23 Then Abraham took Ishmael his son, and all the servants who were born in his house and all who were bought with his money, every male among the men of Abraham's household, and circumcised the flesh of their foreskin in the very same day, as God had said to him. 24 Now Abraham was ninety-nine years old when he was circumcised in the flesh of his foreskin. 25 And Ishmael his son was thirteen years old when he was circumcised in the flesh of his foreskin. 26 In the very same day Abraham was circumcised, and Ishmael his son. 27 All the men of his household, who were born in the house or bought with money from a foreigner, were circumcised with him.
Every male in Abraham’s house was circumcised in one day. That means that hundreds of men were circumcised that day (cf. Gen 14).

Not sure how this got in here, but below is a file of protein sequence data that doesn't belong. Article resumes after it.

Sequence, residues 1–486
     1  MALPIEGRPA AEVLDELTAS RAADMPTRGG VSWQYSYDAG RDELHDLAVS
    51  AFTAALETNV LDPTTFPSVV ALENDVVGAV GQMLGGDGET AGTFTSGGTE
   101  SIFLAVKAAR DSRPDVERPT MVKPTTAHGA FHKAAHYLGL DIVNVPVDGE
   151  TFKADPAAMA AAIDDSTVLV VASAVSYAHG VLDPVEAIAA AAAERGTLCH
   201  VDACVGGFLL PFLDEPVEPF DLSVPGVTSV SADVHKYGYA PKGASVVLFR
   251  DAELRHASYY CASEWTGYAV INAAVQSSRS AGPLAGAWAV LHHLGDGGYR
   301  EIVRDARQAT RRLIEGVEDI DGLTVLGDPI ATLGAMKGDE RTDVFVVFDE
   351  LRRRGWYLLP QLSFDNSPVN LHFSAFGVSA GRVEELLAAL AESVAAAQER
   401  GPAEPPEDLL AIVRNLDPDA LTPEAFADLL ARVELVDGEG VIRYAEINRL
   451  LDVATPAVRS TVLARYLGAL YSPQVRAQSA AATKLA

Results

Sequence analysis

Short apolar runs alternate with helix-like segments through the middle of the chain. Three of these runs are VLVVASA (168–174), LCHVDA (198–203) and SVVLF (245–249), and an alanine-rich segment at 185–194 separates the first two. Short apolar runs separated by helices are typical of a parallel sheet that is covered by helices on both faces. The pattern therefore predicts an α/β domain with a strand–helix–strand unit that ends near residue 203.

Abraham’s faith led him to immediate and unquestioning obedience. He trusted God, knowing that God would not break His covenant, but was able to do far beyond what Abraham could even imagine. So it is with us today. We must believe God about His Son, Jesus Christ, the son of Abraham and Isaac according to the flesh. We must trust that God sent Jesus to take away the sins of those in the world who believe (dealing with the sin problem and providing the initial crushing blow to the head of the serpent while receiving a bite on the heel) and put an end to the curse when He returns to reign in righteousness. And that faith must result in obedience to all that Jesus commanded, for believers are called unto good works, walking in a manner worthy of the calling which they have received, behaving in a way that is in keeping with who they are in Christ.